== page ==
Becoming an Ally: The First Steps

By: 
Seth Kinker
Staff Writer

On Jun. 20, a public Facebook event titled, Becoming an Ally: The First Steps, was hosted at Bremenfest Park in by New Bremen alum Janelle Elking. 

“Join us for an opportunity to deepen your understanding about privilege, racial inequalities, and how to be an ally!” stated the opening line in the details of the event, which detailed a plan for an informational session followed by a march to bring awareness to the community while adhering to social distancing guidelines and wearing masks. 

“I teach in Dayton right now and I thought it was really imperative, especially with all the events going on right now,” said Elking, a 2014 graduate. “that we need to bring knowledge to our small communities that might not have been brought up with much diversity. Just giving people a safe space to learn about other people.” 

“I did hear a lot of negativity about protests and looting,” she added when asked about planning the event. “I wanted to make sure, especially in a small community that might not be used to doing things like protesting, I wanted to make sure there was a safe peaceful event that people felt comfortable coming to so that they could deepen their knowledge about inequities.”

“Coming from this community, not knowing much about inequities and then moving to Dayton, going to college and learning a lot more, I felt it was my job,” said Elking on holding the event. “It was imperative my small community knows about this and can also teach their kids about privilege and how we can be better as a community so we can help other people.” 

After Elking opened the event by welcoming the crowd of around 50, she dived right in with interactive activities among those seated at the tables with a slideshow of information.

Those activities included defining different words like racism, privilege, ally, and bias, as well as watching short videos on different topics like Juneteenth and systemic racism. 

Another activity had attendees discuss any hardships they had had in their lives, leading to a deeper discussion on white privilege and after that, the group went outside to the grass for another activity that put an emphasis on what different people had to go through. 

Elking had the crowd stand in a line and take a step forward if they never had to worry about whatever the statement she read was. Seeing those who did and didn’t have to take steps forward as the activity progressed showed the disparity of issues that Caucasian and African Americans may or may not have to go through. 

Slides also discussed Black Lives Matter vs. All Lives Matter 

“There are three houses in a neighborhood,” said Elking in her presentation when talking about Black Lives Matter vs. All Lives Matter. “The one in the middle is on fire. He obviously calls the fire department and says, ‘my house is on fire,’ and the other neighbor comes out and says, ‘well fire department, my house is really important too. We’re not saying your house isn’t important but if we spray water on your house, it’s just going to be wet. This is the house in danger, were saying all these houses are part of the neighborhood but this one is being overlooked. This one is on fire and needs assistance. We need to do more.”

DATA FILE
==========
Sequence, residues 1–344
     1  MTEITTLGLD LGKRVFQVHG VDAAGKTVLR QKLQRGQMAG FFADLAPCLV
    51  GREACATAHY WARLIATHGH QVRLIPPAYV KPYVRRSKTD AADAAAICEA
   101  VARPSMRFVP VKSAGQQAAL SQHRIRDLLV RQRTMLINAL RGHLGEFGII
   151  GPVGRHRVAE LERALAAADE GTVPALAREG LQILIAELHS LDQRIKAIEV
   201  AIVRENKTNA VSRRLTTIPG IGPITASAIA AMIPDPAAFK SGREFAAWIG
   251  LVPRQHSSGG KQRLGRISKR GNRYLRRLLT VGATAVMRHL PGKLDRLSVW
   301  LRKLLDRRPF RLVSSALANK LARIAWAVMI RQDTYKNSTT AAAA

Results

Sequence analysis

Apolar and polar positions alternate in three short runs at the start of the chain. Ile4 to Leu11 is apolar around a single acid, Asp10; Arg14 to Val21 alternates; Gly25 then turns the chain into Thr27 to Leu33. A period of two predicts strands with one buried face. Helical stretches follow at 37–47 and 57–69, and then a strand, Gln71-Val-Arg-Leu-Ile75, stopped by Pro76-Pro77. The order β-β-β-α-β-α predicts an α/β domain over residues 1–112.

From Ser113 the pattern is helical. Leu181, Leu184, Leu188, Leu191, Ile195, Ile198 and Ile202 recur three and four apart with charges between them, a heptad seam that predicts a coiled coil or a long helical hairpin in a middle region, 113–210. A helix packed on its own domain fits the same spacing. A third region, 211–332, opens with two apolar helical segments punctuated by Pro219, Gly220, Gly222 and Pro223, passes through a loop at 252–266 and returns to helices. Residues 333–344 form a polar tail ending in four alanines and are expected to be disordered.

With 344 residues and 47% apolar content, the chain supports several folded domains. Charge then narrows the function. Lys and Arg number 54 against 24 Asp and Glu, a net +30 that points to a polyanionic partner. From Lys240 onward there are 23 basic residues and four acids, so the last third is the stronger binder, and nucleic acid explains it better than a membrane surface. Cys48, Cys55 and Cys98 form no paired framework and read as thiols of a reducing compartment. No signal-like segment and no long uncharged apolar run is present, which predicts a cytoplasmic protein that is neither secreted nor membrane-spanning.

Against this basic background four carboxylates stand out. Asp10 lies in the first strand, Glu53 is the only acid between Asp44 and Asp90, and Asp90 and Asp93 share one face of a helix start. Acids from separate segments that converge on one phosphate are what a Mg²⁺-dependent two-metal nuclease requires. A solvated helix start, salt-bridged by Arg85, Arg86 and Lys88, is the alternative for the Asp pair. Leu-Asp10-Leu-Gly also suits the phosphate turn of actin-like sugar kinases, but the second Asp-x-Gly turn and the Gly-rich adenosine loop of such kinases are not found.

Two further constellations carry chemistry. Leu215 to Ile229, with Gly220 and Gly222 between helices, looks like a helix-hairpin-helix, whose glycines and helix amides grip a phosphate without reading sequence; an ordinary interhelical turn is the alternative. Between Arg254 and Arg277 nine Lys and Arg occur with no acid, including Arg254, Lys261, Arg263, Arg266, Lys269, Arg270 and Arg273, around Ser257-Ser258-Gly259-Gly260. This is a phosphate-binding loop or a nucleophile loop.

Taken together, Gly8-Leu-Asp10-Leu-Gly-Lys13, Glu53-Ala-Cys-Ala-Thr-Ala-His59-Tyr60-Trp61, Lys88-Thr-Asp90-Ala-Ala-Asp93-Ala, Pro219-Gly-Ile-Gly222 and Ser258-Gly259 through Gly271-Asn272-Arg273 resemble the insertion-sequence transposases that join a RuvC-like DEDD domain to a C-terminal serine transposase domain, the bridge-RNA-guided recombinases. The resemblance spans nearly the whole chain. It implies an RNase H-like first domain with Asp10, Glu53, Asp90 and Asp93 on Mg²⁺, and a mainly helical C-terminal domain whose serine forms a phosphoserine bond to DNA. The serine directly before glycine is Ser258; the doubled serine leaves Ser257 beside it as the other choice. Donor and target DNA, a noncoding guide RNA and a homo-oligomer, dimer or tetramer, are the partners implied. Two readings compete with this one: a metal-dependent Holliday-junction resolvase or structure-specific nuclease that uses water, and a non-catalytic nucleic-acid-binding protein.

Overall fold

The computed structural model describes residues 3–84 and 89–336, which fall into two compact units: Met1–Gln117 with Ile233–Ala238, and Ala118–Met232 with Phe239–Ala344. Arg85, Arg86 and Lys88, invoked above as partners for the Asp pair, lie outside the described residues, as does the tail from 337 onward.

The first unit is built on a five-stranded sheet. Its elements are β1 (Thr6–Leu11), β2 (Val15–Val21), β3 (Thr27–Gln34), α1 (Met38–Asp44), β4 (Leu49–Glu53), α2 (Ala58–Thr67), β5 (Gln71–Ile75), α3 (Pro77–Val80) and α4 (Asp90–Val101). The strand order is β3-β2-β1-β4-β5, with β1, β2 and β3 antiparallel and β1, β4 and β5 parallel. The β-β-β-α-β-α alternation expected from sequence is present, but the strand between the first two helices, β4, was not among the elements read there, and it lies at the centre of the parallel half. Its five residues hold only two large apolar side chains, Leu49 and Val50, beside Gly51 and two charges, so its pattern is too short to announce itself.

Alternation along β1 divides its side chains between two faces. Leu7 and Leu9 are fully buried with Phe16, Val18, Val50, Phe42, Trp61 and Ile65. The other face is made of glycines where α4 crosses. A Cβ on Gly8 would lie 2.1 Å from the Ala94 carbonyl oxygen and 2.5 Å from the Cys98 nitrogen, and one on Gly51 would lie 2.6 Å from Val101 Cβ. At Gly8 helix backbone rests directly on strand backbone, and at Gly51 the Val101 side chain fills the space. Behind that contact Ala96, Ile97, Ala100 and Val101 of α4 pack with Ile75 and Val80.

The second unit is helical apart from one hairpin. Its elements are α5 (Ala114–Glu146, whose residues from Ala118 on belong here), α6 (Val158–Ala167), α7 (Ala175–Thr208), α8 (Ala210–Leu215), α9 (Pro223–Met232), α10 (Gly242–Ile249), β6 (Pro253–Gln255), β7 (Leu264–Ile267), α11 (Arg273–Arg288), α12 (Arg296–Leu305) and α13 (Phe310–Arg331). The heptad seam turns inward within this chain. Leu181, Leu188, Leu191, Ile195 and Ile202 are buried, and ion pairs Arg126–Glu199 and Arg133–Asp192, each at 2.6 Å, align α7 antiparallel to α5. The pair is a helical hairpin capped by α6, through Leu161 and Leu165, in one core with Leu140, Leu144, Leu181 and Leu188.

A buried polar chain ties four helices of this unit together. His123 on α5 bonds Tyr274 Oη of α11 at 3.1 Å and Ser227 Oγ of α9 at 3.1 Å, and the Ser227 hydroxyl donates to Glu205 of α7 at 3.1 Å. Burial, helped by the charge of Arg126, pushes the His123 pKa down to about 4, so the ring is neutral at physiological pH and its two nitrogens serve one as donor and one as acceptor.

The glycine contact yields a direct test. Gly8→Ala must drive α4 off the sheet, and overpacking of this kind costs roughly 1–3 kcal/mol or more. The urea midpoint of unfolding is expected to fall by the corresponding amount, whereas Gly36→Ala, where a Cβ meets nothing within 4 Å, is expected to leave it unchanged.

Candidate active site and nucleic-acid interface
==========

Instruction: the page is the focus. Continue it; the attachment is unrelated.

Finally, those in attendance were asked to write down a commitment card, a change that they were going to make in their life. 

One person in attendance was another New Bremen graduate, Tyler Regedanz from the class of 2011. 

Regedanz grew up in New Bremen with bi-racial cousins and told The Community Post he wanted to come out and support. 

“Just having to experience things with them, it made me mad but I never fully understood,” said Regedanz. “I didn’t even fully understand or grasp until I was 18 or until my early 20s, I got away with a lot of the things we did that they got in more trouble for because I was white. Granted most of the time I’ll be the first to admit, things were my idea. I was a mischievous kid. They were there for the ride. Unfortunately, they suffered the consequences for it."

“The injustices I’ve grown up with my whole life,” added Regedanz. “being as blind and ignorant as I was, the more I learned, the less I knew. It made me want to come out here and learn about things I might be missing. More of the politically correct answers, more of the articulate ways of saying things rather than just common street knowledge.”

After the presentations and activities, the group walked out of Bremenfest Park on the sidewalks with signs raised to passing cars. They then went along East Monroe Street before turning onto State Route 66 and heading back to the park. 

Honks and waves from cars passing by could be heard and seen as the peaceful walk ended without any issues on a hot summer day. 

“It feels really good,” said Elking when asked about her reaction to seeing the event come to fruition and the responses they got walking through New Bremen. “It feels like there’s is hopefully going to be some kind of movement or change. I know as an educator, it starts in schools and educating kids. So that’s my hope of this, it doesn’t matter if you’re five or 40, now that you have more knowledge you can move on and be a better person and make the world a more inclusive place. I think that super important.” 

“I’m really proud of Janelle and all the work she put into this,” said Aileen Ernst, a coworker of Elking’s who was in attendance with her daughter Charlie. “It’s a cause that’s all near and dear to our hears because it’s not about politics, it’s about human rights. Her passion for the work and bringing it to her community is amazing to see.” 

“I’m very proud to be able to come back from where I graduated and see growth from the perspective of this town I’ve had for so many years,” said Regedanz. “To see the growth, it was a beautiful thing, I loved coming here (today).